Bahrain is safe. There are occasional “protests” that happen (usually tires being set on fire or things directed towards the police) but they are very easily avoidable as most of them happen in the middle of the night in villages that expats would never be in anyway, and the US embassy sends emails out letting you know if there’s an area to avoid on a certain day. Overall, I feel safer here then in any other place I’ve ever lived.

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  11. weygookinkorea says:

    If you’re looking for an extremely safe country, i.e., you can walk pretty much wherever you want at whatever time you want; people leave their purses in shopping carts and walk to other parts of the grocery store; lost items are returned from taxis, airplanes, other public spaces; and pickpocketing, break-ins, etc. are unheard of…then Korea is for you. That said, yes, there is crime in Korea. It is VERY rarely directed toward foreigners. In fact, crime in general in Korea is considered very shameful and crime toward foreigners would be considered a stain on Korea’s honor/reputation. I feel very spoiled here in terms of safety… but what about North Korea you ask? We don’t even think about it.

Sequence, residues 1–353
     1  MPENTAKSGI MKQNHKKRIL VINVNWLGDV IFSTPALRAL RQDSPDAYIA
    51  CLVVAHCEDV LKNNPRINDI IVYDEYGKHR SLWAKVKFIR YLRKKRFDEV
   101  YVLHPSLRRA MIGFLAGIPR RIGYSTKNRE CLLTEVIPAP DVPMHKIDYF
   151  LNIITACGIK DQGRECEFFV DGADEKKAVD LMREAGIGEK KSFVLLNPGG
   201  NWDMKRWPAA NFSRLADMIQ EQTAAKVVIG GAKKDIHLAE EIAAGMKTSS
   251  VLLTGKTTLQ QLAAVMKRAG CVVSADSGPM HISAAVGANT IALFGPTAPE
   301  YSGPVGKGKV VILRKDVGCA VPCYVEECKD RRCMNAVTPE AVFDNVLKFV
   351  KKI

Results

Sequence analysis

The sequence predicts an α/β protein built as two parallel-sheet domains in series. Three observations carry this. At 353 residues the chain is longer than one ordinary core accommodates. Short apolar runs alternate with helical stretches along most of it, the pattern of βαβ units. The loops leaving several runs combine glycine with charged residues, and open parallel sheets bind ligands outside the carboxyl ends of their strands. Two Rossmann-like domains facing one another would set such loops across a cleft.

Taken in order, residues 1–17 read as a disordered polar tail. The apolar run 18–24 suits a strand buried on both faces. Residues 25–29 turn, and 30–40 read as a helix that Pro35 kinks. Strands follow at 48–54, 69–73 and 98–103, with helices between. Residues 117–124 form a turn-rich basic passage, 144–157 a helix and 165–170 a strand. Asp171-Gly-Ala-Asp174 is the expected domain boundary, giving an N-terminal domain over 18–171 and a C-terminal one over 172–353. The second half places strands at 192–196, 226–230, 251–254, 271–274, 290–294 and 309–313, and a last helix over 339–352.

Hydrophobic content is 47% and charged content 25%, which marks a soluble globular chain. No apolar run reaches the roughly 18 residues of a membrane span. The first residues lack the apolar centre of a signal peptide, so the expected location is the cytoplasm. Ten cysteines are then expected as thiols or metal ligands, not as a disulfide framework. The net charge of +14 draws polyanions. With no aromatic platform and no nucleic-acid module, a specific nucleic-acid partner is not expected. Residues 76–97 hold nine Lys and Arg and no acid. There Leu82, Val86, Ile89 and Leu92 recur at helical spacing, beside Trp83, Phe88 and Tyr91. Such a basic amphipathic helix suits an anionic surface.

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    • Anonymous says:

      The way you described Korea is the way I would describe Japan as well. I would add that in Japan children are generally safe to go to the store, ride the train on their own, etc. Everyone looks out for children to make sure nothing happens to them.

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    • Ginger says:

      So happy to hear that Korea hasn’t changed in that sense. I remember all that from when I was there in the 90’s and being shocked by how honest everyone was. I watched a woman’s purse when she stepped into the bathroom with her daughter in Seoul. No one even blinked at it.

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  12. Michelle says: